"Can't believe Subban didn't have that first one." - A moron

As much as I, like other Canadians, want to forget yesterday’s thorough butt-fumble of a World Junior hockey game against the Americans, I was goaded into doing this by a couple curious minds: an analysis of Jake McCabe’s first goal, in which, at one point, the Canadians were in the above defensive “formation.” Five of the six on-ice Canadians are packed into a lane slightly wider than the net (and as you’ll see farther down, they get tighter), along with three Americans, putting eight of the 12 humans on the ice in an area about seven feet wide. Actually, if we feel like drawing those lanes down 200 feet, nine of the twelve were in there. Presumably, this was not the game plan before the puck dropped.

Let’s take it from the top. This is a bit of a long one because I have to mention what starts the US breakout down at the other end of the ice, and because, y’know, the whole thing is a mess. Boone Jenner, this is not your finest shift.

First, take a look at it for yourself, if you dare.

It all starts down at the far end. Boone Jenner, one of Canada’s most physical players, has a beat on the puck in the offensive zone (this is mid-video, during the replay about :35 seconds in). He’s on it.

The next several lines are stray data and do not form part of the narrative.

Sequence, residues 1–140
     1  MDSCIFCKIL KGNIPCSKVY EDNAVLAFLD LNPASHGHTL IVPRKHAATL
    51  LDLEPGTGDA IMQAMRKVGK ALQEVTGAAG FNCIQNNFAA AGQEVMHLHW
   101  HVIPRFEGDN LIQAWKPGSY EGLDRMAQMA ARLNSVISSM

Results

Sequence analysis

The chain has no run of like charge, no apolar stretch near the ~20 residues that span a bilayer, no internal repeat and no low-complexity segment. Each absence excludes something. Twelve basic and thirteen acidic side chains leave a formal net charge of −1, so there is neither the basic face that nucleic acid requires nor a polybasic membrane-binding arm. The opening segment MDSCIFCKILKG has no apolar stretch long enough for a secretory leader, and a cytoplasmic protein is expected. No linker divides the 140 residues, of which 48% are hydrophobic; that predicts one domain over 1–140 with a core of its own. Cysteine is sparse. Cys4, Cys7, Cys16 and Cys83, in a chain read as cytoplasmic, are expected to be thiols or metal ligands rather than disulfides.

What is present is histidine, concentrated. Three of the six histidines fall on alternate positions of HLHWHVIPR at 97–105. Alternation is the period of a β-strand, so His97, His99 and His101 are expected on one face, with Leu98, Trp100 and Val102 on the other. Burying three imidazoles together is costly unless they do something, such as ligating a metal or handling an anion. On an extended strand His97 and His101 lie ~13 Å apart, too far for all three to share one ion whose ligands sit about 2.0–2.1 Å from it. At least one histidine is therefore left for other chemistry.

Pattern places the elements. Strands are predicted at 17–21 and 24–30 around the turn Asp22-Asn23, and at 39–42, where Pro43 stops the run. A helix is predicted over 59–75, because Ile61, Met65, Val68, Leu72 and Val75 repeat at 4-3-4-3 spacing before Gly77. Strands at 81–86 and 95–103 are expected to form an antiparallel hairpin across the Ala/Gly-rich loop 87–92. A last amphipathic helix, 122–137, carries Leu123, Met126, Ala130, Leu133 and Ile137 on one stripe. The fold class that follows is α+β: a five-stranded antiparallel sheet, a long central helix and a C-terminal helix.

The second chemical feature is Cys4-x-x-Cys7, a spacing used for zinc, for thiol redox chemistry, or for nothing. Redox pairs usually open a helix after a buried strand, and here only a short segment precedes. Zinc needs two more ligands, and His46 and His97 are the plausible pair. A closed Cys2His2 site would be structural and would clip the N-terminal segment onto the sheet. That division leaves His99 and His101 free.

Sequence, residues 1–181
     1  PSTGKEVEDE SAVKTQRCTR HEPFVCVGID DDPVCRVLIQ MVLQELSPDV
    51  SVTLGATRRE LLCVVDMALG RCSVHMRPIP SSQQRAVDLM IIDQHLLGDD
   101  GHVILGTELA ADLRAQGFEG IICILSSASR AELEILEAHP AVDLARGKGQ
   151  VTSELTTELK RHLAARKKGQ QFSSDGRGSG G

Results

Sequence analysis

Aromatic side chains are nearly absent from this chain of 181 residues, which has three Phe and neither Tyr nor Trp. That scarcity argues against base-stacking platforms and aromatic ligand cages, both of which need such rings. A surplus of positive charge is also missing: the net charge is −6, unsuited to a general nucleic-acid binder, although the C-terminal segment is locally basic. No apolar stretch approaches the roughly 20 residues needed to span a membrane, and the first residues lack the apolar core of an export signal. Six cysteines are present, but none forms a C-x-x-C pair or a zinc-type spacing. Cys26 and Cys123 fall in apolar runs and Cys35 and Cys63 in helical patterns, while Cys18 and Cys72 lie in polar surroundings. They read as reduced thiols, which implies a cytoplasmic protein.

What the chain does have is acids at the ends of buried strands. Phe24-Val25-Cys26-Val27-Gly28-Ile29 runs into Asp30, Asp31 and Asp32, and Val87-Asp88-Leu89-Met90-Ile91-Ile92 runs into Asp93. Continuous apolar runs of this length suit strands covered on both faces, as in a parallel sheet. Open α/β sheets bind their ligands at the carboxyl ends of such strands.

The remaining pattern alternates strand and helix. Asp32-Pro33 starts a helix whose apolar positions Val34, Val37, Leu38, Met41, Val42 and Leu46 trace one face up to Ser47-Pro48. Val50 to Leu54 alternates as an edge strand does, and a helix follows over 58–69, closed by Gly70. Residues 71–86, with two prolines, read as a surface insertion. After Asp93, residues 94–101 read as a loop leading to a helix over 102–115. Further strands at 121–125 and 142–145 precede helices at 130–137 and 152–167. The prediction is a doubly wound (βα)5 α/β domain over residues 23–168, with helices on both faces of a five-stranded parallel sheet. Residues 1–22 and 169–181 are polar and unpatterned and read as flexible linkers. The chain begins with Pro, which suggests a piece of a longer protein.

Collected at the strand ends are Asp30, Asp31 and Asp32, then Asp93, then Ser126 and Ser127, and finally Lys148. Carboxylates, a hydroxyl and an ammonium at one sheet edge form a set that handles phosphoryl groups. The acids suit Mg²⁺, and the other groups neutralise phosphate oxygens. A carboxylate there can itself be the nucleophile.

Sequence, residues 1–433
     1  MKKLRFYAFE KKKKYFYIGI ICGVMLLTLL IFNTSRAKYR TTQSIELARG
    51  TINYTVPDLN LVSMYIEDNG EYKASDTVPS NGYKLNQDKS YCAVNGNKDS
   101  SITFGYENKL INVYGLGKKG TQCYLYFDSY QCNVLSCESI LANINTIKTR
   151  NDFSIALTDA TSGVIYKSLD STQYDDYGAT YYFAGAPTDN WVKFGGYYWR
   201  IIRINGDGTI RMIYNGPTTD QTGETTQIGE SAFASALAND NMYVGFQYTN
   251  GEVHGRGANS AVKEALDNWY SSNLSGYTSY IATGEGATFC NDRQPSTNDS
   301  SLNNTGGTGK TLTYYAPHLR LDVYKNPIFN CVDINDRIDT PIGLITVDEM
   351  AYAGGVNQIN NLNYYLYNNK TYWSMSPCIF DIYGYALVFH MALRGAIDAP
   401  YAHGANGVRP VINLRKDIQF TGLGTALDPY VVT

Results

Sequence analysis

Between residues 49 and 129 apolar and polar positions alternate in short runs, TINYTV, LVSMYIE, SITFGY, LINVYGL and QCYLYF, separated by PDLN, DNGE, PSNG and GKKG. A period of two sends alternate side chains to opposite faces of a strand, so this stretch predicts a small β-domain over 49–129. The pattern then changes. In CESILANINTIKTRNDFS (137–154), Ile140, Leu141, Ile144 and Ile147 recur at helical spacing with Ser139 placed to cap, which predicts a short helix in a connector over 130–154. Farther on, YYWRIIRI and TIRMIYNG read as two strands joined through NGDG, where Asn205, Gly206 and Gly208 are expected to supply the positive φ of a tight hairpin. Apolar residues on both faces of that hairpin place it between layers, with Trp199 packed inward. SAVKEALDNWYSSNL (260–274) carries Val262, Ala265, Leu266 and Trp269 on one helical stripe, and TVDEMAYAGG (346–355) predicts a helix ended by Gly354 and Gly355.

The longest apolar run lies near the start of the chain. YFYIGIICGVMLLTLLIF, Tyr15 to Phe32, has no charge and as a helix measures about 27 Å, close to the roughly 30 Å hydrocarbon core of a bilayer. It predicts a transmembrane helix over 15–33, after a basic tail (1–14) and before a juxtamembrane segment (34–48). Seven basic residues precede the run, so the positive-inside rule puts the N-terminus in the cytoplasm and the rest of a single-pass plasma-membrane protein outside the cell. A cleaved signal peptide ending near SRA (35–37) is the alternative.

This, to me, is a 50/50 puck. The problem, at least for Jenner, is that he’s probably going to get a touch on it first, which means he’s the guy who has to take the hit. Or, he could completely pull-up, forfeit the puck, and let US defenseman Mike Reilly grab solid possession and make a play. If he takes the hit there, at the very least there’s a puck battle and his linemate Phillip Danault can come in and help dig it out.

He doesn’t.

He pulls up. I know, it looks like he’s heading off to change, but I assure you, he’s not. You’ll see him again in a bit.

I’m about to get into the rush that leads to the goal as best I can, but there’s something worth noting before I do: sometimes defensive situations are tough to read, and when multiple people make the wrong read on the same play (or if they fall, or whatever), you can end up in a seemingly perpetual cycle of “cover for that guy, now you cover for my guy” and you end up trying to patch the Hoover Dam with bubblegum. The technical term for that development in hockey is “a clusterfuck,” and that’s what we had here: snowflake errors turned into an avalanche.

We start with the Americans breaking in, and the Canadians having numbers (as in, they had enough players back to cover the number of guys coming on the rush). Because of a quick camera switch in the video and the random routes of the players, I’ll label most of the pics so we can follow who’s headed where. I’m sorry to have to use every name on the ice, but seriously, you need all the ingredients to put together this soup sandwich of a play.